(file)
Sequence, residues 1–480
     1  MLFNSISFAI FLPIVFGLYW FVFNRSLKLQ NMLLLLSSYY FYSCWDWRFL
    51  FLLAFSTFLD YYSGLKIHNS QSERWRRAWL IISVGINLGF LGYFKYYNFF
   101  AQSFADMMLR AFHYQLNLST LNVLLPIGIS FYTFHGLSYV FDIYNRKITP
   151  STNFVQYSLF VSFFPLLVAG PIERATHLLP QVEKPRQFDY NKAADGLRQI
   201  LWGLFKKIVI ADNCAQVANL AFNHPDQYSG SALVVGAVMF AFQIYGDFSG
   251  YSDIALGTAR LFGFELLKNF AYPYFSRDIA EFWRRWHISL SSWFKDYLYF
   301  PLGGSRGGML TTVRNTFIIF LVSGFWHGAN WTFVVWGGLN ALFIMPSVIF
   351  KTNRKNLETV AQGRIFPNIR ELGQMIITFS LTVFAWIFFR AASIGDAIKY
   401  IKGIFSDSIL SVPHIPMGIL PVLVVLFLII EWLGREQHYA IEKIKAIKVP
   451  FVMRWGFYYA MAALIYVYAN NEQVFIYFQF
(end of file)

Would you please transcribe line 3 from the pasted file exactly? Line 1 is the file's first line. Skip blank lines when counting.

    51  FLLAFSTFLD YYSGLKIHNS QSERWRRAWL IISVGINLGF LGYFKYYNFF